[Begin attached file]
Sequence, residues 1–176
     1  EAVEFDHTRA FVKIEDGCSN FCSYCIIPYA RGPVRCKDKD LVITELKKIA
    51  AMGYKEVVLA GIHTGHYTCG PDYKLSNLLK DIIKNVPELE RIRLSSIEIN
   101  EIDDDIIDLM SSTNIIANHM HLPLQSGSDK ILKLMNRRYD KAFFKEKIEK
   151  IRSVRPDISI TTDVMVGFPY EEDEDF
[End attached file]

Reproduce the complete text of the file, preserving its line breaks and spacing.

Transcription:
Sequence, residues 1–176
     1  EAVEFDHTRA FVKIEDGCSN FCSYCIIPYA RGPVRCKDKD LVITELKKIA
    51  AMGYKEVVLA GIHTGHYTCG PDYKLSNLLK DIIKNVPELE RIRLSSIEIN
   101  EIDDDIIDLM SSTNIIANHM HLPLQSGSDK ILKLMNRRYD KAFFKEKIEK
   151  IRSVRPDISI TTDVMVGFPY EEDEDF